Memorandum from Martin T Brown
The main points I wish to highlight are:
Low pressure sodium (LPS) is the astronomers'
first choice of light source.
Full cut off fixtures are essential whatever
light source is used.
The UK already has a large installed base
of LPS lamps but in wasteful fittings.
Much light (up to 30%) is presently wasted
directly into the skies.
Simple improvements would save energy
and help astronomers.
Dreadful external lighting fixtures are
still in common use in the UK.
A code is needed to educate installers
and users how to use lighting properly.
I believe that the problem of badly designed
street lighting and security lighting could be quantified and
measured in such a way as to be legally enforceable.
I am a long-time amateur astronomer and former
radio astronomer. I have an interest in control of light pollution
from the perspective of amateur astronomers and in filters and
luminaire designs that can help to reduce the problem. I should
declare an interest here, my own Nonad photographic filter is
one such doped glass filter, Baader planetarium also sell a Neodymium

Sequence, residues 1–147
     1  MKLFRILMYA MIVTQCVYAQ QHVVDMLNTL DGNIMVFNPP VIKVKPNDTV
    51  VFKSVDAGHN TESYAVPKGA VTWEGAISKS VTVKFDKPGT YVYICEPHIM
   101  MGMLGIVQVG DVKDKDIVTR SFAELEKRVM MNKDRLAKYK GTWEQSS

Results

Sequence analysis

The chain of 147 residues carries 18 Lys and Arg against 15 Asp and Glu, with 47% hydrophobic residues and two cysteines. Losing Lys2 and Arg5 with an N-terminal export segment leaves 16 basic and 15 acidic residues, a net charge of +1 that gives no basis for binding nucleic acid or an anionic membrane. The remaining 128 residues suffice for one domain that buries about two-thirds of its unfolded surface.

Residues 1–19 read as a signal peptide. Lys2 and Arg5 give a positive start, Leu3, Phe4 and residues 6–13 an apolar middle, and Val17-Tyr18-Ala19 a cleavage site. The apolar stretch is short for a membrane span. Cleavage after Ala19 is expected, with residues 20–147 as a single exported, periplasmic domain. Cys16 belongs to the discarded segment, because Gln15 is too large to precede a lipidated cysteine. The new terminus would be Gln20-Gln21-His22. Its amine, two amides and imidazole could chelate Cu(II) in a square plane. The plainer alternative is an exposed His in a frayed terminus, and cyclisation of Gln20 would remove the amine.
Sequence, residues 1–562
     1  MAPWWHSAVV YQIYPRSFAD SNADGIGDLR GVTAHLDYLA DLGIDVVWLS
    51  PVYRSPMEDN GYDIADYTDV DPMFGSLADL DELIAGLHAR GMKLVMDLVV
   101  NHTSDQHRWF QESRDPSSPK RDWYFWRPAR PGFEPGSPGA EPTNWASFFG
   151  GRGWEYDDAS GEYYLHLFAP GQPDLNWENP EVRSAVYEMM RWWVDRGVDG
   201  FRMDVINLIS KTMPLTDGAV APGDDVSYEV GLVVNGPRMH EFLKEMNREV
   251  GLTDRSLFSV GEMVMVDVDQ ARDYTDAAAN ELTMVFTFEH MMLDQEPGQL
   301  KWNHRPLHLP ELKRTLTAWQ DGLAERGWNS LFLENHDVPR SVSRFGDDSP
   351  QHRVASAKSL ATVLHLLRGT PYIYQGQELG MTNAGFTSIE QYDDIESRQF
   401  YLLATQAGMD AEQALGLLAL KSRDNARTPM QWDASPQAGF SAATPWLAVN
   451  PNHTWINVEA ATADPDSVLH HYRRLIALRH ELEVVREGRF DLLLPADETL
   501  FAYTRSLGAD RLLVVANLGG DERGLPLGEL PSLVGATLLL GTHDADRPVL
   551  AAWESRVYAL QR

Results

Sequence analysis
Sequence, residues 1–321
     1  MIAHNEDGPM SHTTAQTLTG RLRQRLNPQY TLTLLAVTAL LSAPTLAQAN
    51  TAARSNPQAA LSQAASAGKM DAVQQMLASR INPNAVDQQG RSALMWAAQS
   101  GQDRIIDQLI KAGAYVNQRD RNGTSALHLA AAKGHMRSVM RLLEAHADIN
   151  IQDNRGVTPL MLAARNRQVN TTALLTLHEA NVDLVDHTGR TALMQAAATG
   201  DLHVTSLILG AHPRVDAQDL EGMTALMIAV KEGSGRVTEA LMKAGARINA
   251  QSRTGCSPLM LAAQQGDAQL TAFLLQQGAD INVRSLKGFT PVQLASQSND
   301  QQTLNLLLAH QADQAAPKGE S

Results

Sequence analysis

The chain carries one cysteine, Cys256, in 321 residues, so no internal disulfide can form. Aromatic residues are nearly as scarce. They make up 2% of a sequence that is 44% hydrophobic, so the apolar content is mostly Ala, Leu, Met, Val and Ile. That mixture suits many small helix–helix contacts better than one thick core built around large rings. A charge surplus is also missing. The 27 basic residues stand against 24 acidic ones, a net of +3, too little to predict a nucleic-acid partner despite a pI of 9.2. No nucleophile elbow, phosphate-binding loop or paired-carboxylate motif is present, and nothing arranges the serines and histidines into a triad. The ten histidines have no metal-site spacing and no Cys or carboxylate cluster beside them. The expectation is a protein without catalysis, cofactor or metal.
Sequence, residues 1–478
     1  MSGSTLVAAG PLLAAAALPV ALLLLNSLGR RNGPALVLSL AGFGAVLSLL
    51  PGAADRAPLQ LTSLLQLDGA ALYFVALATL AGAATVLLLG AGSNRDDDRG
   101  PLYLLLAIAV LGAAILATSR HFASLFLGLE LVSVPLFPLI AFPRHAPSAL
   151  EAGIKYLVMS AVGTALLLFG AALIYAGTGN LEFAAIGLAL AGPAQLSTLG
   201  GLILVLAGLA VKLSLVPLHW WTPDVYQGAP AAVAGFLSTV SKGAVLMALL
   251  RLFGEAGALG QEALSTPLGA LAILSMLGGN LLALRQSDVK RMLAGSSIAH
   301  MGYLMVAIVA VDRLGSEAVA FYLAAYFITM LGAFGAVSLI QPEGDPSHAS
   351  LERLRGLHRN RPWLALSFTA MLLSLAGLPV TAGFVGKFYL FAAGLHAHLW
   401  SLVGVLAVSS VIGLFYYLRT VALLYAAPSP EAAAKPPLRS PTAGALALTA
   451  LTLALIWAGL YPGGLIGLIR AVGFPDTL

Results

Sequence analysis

filter effective against LPS. Orion Optics (UK) make a visual
Sodium light interference filter effective against mixed HPS/LPS
The questions that I feel able to address are
as follows. I will include some background material (not printed)
as well as web references to material in US light pollution statutes
that may provide a useful model.
Impact of light pollution on UK astronomy?
It is now difficult to get away from light pollution
anywhere in the UK. The level of street lighting and the increasing
move to illuminate all road junctions on major roads makes it
very difficult to find truly dark skies. Long photographic exposures
even in good conditions suffer from scattered light from nearby
cities up to 20 miles away (or more). Professional optical astronomy
is now limited to doing experiments that are possible under light
polluted conditions and testing equipment for use overseas.